Pantomime, Essential Christmas entertainment, Oh no it isn't, Oh yes it is
Are you like me? Getting on in years I may be, but I still love PANTOMIME.
From those amateurish Pantos of my childhood, that were held each year in my local Church-hall, to the more flamboyant and expensive offerings in the Theatre, Pantomimes remain fun.
Despite being traditional they have moved with the times. Pantos often include popular entertainers, whilst the basic story may have a modern twist and there are even saucy adult Pantos, featuring raucous comedians, these days.
For me though a good Pantomime is all about all round, good clean family fun.
There may be the slight double entendre here and there but there is nothing really offensive. A great Pantomime is one which you can take the children to see, fully confident that they will not be hearing swear words and seeing sexually explicit entertainment.
Pantomimes are not new
It's thought that the earliest forms of pantomime were first performed in Ancient Greece and then Rome. However our modern pantos have their roots in the 15th and 16th Century.
The first English pantomimes were more of a small performance which occurred between the acts of something such as an opera. Eventually they came into their own and full pantomimes were performed. By the 1800s pantomime, as we know it, was established in England.
Although pantomimes take place all over the world it is a peculiar, very British form of entertainment. Many people still view a visit to the theatre to watch a pantomime as part of their Christmas celebrations.
Usually any panto plot is loosely based on a fairy-tale and the most popular pantomimes tend to be Cinderella, Snow White, Babes in the Wood, Puss in Boots, Sleeping Beauty, Dick Whittington and Aladdin.
That said the last one I saw in the flesh was Robinson Crusoe.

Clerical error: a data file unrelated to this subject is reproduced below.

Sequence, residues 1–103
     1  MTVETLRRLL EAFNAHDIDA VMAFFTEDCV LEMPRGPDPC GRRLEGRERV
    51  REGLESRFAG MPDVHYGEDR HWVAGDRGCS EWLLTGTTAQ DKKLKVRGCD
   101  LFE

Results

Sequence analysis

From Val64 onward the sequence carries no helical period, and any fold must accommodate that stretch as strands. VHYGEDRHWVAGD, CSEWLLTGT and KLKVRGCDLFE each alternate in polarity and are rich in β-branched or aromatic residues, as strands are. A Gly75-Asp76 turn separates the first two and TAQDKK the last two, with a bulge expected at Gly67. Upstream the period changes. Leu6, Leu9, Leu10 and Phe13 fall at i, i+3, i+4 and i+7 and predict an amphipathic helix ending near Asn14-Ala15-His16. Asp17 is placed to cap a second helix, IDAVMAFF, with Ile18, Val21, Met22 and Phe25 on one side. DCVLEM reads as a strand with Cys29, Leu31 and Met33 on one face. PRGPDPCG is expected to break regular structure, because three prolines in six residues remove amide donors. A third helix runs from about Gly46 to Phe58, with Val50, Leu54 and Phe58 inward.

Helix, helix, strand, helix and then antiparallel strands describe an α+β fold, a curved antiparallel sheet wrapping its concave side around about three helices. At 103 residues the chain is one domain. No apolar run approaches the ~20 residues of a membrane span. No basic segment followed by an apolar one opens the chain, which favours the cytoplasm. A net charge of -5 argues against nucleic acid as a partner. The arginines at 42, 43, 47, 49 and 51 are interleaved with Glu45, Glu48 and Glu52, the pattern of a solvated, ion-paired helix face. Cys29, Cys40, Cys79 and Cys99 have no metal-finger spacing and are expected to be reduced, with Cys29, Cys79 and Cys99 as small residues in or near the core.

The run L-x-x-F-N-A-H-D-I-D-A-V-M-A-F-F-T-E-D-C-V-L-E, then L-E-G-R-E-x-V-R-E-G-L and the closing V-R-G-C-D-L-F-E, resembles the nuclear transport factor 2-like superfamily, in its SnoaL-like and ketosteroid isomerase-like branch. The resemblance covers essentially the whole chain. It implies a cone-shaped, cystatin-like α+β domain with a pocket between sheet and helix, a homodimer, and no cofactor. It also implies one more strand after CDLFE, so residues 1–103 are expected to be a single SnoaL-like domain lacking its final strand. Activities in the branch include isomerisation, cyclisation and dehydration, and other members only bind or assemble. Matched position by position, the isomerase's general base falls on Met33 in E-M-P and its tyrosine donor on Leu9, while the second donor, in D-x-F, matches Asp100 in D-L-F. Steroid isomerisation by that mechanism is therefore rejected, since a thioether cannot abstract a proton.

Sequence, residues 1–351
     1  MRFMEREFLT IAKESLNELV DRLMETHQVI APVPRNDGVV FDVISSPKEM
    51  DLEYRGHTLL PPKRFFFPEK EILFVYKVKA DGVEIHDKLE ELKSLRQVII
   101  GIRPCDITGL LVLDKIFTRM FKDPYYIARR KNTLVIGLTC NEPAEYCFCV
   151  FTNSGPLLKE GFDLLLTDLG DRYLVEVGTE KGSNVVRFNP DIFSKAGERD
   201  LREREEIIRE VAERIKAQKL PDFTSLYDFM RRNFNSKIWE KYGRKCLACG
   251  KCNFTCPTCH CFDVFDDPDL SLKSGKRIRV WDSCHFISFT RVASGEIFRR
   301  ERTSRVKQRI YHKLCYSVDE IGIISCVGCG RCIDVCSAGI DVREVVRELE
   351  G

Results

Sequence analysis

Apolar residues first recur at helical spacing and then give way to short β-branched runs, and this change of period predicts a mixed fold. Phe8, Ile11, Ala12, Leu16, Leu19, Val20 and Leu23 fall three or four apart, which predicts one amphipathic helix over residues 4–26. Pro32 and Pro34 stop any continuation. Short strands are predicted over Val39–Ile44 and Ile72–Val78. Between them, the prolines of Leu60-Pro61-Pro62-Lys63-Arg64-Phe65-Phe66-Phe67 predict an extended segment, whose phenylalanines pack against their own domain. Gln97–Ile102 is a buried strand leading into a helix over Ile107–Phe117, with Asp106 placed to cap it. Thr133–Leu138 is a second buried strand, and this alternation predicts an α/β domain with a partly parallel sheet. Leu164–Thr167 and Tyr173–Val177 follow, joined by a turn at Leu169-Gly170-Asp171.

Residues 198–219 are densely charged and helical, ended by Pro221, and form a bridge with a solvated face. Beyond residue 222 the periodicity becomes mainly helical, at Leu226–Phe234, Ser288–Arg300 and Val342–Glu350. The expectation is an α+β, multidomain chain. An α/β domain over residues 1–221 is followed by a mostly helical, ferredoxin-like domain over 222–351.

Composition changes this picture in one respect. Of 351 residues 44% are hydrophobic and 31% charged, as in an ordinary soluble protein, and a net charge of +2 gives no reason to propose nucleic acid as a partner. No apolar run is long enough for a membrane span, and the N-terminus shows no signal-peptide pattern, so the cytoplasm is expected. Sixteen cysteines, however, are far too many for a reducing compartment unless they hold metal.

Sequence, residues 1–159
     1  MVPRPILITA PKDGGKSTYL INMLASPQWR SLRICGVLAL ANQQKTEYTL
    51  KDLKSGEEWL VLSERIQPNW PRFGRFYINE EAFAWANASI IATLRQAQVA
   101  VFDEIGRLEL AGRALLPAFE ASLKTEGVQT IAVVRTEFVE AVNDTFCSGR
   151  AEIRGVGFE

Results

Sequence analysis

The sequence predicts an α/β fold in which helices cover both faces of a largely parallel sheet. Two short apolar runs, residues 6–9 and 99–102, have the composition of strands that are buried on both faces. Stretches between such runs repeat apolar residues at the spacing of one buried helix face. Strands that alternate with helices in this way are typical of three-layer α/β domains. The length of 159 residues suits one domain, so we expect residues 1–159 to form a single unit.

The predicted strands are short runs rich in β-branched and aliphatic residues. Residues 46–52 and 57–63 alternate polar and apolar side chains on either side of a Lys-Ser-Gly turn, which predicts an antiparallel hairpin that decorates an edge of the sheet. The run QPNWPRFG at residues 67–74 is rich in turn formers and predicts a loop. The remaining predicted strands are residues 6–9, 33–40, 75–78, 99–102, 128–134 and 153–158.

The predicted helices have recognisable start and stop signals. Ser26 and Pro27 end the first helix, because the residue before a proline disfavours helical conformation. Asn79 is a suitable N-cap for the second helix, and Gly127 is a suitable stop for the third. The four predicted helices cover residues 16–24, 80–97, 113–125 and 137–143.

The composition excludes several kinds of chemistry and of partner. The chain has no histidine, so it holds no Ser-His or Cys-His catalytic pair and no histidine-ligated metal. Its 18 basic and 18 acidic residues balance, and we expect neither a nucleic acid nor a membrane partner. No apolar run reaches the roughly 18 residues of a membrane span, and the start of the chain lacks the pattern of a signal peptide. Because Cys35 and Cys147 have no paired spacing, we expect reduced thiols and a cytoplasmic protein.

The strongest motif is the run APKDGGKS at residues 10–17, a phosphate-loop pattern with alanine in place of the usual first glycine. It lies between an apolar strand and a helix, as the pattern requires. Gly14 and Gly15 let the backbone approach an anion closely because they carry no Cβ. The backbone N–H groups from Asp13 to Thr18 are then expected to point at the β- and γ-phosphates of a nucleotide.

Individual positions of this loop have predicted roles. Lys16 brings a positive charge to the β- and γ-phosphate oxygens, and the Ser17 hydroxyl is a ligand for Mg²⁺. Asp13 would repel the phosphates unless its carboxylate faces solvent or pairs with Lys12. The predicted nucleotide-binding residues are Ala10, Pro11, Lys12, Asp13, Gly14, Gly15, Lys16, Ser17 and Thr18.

Pantomime is one of the most politically incorrect forms of entertainment
The Principal boy is always played by a very good looking woman. There are always at least one or two pantomime Dames played by men. These are usually gross caricatures of women; at least that's the theory. I would hate to meet any real woman who was like a pantomime dame! More than once male drag artists or very camp guys have played the panto dame.
No decent panto can survive without a nasty villain, or two. This evil character is vital for stirring up the audience and adding some tension to the fun.
Panto costumes are usually loud, brash and colourful which is all part of the fun. Sometimes, especially when an appropriate comedian is part of the cast, there is a slapstick section of the show.
Panto is all about audience participation, for example:-
The favourite panto performance of my childhood was Ruby Murray starring in Cinderella at our local theatre. I was taken as part of a school party and loved every minute. The music and costumes were just lovely to a starry eyed young girl.
As an adult a favourite one year was at the same theatre; this time accompanying a sister-in-law and one of her boys; it was Cinderella again, but the stars were comedy duo, The Krankies, and boy did we laugh.
A couple of years ago I went with a gang of gals to a Radio Humberside production at the local University which was excellent. It was Robinson Crusoe and this low budget charity panto was great for its amateurish feel.
Panto is not for everyone and often adult males shy away from it. However we gals, with or without children, tend to love pantomime, no matter what our age.
OH YES WE DO!